Last year we reported that the Department of Public works was cracking down on broken sidewalks in the Mission as part of the Sidewalk Improvement and Repair Program.

A year later, with approximately 170 repairs made to heavily-trafficked sidewalks — half of them in the Mission — it’s time to pay the bill.

The San Francisco Board of Supervisors will hold a hearing on Tuesday on a proposal to add an assessment to property owners’ property-tax bills to cover repair costs. The assessment would apply to owners who have not yet reimbursed the city, as well as those who requested to be billed in this manner.

Property owners are responsible for the maintenance of sidewalks in front of their property. DPW occasionally inspects heavily-trafficked sidewalks and notifies the owners if repairs are needed.

Owners can choose to make the repairs themselves or have the city do it. The latter can be cheaper, since the city can waive the permit fee for repairs.

The Broken Sidewalks of 24th Street Remain

Earlier this month a coalition of community members, city agencies and nonprofit organizations decided it wanted to repair the sidewalks of the lower 24th Street corridor from Mission to Potrero streets.

A study by the San Francisco County Transportation Authority concluded that old trees cause most of the sidewalk damage. That put the repairs under DPW’s  jurisdiction.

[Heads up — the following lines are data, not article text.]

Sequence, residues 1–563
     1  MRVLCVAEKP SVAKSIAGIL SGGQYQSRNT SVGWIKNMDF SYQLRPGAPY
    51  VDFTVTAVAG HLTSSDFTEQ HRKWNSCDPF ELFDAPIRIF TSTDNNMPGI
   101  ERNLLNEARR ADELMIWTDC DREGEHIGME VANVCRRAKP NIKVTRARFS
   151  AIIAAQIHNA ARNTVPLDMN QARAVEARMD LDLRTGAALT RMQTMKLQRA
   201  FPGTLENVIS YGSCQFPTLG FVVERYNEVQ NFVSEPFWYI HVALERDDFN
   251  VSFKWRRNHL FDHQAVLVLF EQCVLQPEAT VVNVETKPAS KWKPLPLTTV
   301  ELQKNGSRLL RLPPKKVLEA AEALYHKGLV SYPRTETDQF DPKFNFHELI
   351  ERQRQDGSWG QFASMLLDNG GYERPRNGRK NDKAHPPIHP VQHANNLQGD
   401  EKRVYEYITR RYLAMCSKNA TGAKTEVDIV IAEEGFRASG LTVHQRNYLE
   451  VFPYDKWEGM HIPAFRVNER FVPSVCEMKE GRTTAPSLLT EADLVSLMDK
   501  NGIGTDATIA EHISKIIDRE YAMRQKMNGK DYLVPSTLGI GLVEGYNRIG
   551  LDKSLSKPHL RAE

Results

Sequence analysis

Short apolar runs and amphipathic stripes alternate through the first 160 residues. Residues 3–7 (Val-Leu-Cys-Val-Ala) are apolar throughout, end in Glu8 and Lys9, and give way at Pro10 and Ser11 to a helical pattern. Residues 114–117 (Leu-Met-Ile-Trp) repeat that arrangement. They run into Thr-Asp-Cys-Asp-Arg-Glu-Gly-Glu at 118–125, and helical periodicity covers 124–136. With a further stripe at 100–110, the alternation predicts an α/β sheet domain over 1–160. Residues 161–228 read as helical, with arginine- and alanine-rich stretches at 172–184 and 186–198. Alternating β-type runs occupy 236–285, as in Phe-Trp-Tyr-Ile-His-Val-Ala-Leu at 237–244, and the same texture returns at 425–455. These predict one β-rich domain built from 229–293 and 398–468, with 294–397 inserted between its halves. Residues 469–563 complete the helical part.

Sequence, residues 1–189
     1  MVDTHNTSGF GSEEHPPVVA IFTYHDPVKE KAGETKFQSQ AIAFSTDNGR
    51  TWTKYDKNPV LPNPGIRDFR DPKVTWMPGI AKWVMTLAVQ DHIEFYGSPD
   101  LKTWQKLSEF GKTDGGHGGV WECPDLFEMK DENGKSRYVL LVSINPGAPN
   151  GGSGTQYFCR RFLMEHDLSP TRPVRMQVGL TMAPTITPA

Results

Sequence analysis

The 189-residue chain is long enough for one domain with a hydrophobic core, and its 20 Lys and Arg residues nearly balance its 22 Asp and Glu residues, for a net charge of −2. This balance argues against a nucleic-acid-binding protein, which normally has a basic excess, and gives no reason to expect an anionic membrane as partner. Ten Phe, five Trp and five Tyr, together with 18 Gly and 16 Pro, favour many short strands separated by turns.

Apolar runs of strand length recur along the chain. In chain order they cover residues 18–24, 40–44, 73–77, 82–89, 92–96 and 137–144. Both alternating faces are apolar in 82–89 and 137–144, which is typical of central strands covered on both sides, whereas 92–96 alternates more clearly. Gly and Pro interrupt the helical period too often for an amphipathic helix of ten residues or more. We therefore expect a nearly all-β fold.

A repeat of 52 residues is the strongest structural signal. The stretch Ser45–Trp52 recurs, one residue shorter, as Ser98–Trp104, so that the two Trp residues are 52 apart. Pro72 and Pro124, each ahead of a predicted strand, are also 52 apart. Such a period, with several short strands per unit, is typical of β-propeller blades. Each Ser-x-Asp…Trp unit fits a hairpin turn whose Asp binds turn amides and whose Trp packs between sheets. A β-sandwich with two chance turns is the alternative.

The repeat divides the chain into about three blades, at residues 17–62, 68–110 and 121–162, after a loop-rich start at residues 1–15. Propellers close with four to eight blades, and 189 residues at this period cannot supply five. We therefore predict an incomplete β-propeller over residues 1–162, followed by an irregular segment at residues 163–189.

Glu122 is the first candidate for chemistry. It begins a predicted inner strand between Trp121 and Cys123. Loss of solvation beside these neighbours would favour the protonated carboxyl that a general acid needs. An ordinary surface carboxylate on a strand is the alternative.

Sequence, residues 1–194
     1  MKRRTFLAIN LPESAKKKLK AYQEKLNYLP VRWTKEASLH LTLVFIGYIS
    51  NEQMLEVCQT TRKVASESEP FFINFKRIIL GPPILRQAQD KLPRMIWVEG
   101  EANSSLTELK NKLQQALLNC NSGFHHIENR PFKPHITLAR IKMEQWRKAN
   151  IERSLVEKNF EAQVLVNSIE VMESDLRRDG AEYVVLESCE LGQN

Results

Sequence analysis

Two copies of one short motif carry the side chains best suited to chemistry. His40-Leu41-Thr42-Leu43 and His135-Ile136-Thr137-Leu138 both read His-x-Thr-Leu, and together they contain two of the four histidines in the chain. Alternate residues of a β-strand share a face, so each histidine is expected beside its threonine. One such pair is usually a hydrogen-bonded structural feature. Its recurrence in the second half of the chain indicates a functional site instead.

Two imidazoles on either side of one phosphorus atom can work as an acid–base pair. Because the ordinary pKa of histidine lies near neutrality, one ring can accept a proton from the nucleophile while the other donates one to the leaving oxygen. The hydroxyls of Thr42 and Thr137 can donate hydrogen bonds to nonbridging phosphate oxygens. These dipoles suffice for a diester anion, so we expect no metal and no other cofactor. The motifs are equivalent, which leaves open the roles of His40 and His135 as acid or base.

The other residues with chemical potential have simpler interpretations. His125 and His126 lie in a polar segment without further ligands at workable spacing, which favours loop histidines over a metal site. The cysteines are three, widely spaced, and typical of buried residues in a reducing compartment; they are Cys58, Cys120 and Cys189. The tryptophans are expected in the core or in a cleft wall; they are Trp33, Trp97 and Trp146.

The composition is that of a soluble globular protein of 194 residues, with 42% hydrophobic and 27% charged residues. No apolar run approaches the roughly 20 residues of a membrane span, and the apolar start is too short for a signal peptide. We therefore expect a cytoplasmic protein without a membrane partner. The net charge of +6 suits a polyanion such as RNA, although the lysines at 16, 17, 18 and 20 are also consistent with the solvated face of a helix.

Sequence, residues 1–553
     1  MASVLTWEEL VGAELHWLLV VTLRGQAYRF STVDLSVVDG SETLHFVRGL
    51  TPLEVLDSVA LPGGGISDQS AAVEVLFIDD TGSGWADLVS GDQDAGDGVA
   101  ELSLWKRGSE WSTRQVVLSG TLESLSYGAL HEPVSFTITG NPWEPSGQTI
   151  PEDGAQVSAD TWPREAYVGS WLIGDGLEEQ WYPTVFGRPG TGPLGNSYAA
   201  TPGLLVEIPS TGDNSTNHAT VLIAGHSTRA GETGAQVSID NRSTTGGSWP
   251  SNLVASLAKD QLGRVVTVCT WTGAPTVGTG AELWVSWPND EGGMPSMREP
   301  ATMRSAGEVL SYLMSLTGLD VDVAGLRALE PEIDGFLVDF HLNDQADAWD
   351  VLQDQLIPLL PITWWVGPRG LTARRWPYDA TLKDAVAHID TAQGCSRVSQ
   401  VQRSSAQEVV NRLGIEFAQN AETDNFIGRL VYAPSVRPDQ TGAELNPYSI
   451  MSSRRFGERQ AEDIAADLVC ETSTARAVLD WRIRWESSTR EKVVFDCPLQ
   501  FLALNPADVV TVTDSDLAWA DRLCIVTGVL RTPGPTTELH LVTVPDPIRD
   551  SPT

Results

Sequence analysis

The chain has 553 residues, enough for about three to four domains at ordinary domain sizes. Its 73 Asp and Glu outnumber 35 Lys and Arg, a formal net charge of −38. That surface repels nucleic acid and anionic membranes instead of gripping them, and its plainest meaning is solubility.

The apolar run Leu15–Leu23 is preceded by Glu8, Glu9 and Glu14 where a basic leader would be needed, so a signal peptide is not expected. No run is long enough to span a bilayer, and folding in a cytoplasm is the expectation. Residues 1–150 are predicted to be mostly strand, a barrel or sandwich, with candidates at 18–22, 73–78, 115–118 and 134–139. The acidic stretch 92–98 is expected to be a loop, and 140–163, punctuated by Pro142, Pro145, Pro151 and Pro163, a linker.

So will DPW step in to make the repairs? Maybe.

Christine Falvey, DPW’s spokesperson, said the department would repair the sidewalk damage under its jurisdiction. The corridor has been identified as a priority over the next four years.

However, the city’s dismal budget situation could delay the repairs. An article in The Examiner points out that DPW is facing a budget shortfall and repair backlogs.

Follow Us

Rigoberto Hernandez

Rigoberto Hernandez is a journalism student at San Francisco State University. He has interned at The Oregonian and The Orange County Register, but prefers to report on the Mission District. In his spare time he can be found riding his bike around the city, going to Giants games and admiring the Stable building.

Join the Conversation


  1. So if it’s cheaper to let the City repair and bill the property owner after the fact-thus waiving the permits($120+), how does a P.O. figure out what that cost benefit might be? Do they (the City) have a sample fee per sq. foot or something? With random white dot fever suddenly going on all over town-that would be great to know.

    1. thanks for your comment. I recall the DPW spokesperson saying the city does indeed have a set prices on the cost per square foot. I don’t know it now, but i’ll put in the question to DPW for you if you want to know.

Leave a comment
Please keep your comments short and civil. We will zap comments that fail to adhere to these short and very easy-to-follow rules.

Your email address will not be published.